A number of Waterloo departments have graduate seminars focused on preparing their students for future careers in academia. Jay Thomson ran one such seminar in kinesiology in the fall term, and invited Barbara Bulman-Fleming and Donna Ellis to facilitate a session on teaching dossiers for his students.
For this session, we combined our two existing dossier workshops for the Certificate in University Teaching (CUT), and ran a very interactive 90-minute session. We began by explaining that a dossier needs to articulate why teachers do what they do and illustrate how they put those beliefs into practice. In its structure, it is a report that includes short descriptions of activities and achievements that reflect the scope and quality of one's teaching, supported by appendix materials. Typical sections in a dossier are: teaching responsibilities, teaching philosophy statement, teaching strategies or methods, evaluation of teaching, preparation for teaching, and future goals. From here, we discussed how one might use a teaching dossier, including in a job search, for personal reflection and improvement, and in tenure and promotion preparation.
The students received two sample dossiers from the literature and a set of discussion questions. The goal of the activity was to discern what makes a dossier effective. Our discussions brought us to the following conclusions. An effective dossier:
- Has a clear and complete teaching philosophy statement
- Provides evidence from various sources throughout to support the philosophy
- Explains all jargon used
- Is formatted to allow for easy reading
- Accurately portrays the author as a teacher
These are the criteria that we use in TRACE when assessing dossiers as part of the CUT.
From here, we facilitated a metaphor exercise for the students, which is one activity to help reveal ideas for a philosophy statement. The students were asked to generate a metaphor that described them as a teacher, then had to brainstorm the characteristics of the metaphor and how they applied the characteristics in their teaching. Benefits of the activity included highlighting aspects of their teaching (from the metaphor characteristics) that they might not initially think to include in a dossier and generating concrete examples to use in the dossier.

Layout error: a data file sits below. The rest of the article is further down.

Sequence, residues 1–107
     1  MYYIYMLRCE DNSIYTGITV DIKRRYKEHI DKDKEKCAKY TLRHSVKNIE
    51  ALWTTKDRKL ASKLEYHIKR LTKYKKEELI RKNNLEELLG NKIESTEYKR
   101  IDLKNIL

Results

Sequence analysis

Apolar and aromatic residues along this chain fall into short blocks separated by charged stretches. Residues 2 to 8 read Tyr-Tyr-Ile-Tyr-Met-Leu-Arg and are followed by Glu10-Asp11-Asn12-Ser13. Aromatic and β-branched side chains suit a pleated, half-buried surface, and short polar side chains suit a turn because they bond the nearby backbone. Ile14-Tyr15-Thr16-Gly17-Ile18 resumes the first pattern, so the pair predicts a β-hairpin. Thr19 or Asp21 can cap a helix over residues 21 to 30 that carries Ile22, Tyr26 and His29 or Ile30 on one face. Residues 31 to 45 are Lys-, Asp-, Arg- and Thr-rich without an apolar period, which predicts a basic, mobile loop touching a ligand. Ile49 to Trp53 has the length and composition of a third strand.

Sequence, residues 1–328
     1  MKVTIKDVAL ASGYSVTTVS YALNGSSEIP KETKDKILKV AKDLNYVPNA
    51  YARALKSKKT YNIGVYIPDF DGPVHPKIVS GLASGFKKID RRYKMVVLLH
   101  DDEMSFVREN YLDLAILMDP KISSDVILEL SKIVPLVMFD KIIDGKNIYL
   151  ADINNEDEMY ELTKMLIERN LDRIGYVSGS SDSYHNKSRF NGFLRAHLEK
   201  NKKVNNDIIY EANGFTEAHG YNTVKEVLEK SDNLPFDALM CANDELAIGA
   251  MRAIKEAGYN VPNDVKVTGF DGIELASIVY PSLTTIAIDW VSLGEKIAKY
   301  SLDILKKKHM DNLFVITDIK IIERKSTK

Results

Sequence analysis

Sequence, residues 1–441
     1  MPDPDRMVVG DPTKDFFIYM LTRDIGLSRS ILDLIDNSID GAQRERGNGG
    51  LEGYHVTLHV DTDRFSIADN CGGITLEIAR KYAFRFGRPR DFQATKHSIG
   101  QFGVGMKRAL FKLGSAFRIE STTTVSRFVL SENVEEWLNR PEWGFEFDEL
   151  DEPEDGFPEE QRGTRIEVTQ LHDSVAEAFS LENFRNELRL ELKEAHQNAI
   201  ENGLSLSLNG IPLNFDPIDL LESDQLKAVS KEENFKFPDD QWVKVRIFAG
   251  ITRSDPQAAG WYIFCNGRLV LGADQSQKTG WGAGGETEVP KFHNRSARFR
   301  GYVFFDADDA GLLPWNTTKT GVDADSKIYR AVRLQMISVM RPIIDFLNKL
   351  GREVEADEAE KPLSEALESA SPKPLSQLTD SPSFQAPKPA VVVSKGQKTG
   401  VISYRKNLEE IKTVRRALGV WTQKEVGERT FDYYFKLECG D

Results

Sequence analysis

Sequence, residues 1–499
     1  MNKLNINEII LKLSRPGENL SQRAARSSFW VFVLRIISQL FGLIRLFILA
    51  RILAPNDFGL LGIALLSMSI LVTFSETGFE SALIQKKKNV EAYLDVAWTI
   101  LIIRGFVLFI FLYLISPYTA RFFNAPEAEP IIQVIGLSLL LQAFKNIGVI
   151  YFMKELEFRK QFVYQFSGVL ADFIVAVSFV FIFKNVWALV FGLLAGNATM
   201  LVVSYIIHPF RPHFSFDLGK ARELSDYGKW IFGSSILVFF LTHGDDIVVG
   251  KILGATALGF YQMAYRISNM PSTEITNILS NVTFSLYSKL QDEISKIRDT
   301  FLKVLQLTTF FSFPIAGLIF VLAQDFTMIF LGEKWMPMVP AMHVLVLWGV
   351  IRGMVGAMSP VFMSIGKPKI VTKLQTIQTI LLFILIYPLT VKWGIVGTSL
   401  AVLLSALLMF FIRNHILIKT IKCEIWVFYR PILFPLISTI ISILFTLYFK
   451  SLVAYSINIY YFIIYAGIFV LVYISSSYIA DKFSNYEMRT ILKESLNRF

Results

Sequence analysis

Complete dossiers, or at minimum a teaching philosophy statement, are being asked for more and more in ads for academic positions, so it is worthwhile for graduate students to know how to create one. As well, students in this seminar were invited to submit response papers about the session to count towards the CUT since the dossier workshops are the only two required ones of the eight needed in total.
If your department is interested in having such a session as part of your graduate seminar, please contact Barbara Bulman-Fleming (x. 2579) or Donna Ellis (x. 5713).
The TRACE Office recently produced two tipsheets on planning and facilitating online discussions: one for faculty members and another for students. The instructor sheet provides tips on the following online discussions issues: benefits, integration into your course, question
design, student orientation methods, facilitation, and assessment. The student sheet includes tips on making postings, responding to others' postings, and developing a positive perspective. A bibliography of resources is also included. Here are a few tips from the instructor sheet as samples.
- Connect the discussions to your course objectives. Like any other teaching strategy, online discussions should not be used as an add-on to a course. You need to carefully consider what course objectives you expect discussions to fulfill and how you will integrate them into your course as a whole. What do you want your students to gain from the discussions? Use your answers as a guide in preparing the online discussion activities.
- Include online discussion participation in the course grade. If grades are not given for participation, students typically do not use the discussion forum. Decide how much of the course grade to give to discussions and whether you will assess the quantity or quality of postings, or a combination of the two. Harasim (1995) suggests that you assign a 10-50% of the course grade for participation, and either give a grade for each week or start at 100 and subtract an amount each week if minimum participation requirements are not met.
- Acknowledge all first responses individually and expediently. If possible, send a message to individual students, welcoming them to the discussion and making them feel supported. You need to start creating an online community, and just like in a face-to-face meeting, first impressions are very important.
- Foster a warm environment. You may need to help students relax and move past the inherently impersonal nature of computer-based discussions so that they feel part of a group. To do this, you need to be outgoing and positive yourself. Other strategies that help include: letting them know that the discussions are for your course participants only; encouraging an informal, conversational style on contributions that are not formal assignments (i.e., spelling and grammar are not critical); allowing social chitchat to help build relationships; encouraging them to use each other's first names; and labelling disagreement as a learning opportunity.